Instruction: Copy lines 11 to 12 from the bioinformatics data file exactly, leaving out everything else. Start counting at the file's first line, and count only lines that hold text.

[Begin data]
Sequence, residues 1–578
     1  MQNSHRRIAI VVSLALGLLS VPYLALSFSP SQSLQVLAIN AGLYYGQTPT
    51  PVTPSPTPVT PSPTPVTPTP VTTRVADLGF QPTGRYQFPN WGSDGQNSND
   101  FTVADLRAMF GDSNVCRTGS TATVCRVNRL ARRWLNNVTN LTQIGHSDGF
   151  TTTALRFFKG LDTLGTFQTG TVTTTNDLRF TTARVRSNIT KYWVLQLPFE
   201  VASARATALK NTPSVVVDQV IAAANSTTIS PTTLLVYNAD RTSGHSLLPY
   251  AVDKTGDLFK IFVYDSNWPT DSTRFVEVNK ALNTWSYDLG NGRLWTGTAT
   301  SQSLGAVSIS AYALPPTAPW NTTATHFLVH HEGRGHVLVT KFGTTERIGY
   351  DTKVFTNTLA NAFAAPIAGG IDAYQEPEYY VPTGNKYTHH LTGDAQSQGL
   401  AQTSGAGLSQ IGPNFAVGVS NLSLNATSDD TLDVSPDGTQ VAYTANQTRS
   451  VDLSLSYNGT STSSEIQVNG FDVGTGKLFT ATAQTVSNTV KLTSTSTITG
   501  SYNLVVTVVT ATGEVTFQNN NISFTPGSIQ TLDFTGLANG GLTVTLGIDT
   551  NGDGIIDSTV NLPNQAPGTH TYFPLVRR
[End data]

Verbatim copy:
   451  VDLSLSYNGT STSSEIQVNG FDVGTGKLFT ATAQTVSNTV KLTSTSTITG
   501  SYNLVVTVVT ATGEVTFQNN NISFTPGSIQ TLDFTGLANG GLTVTLGIDT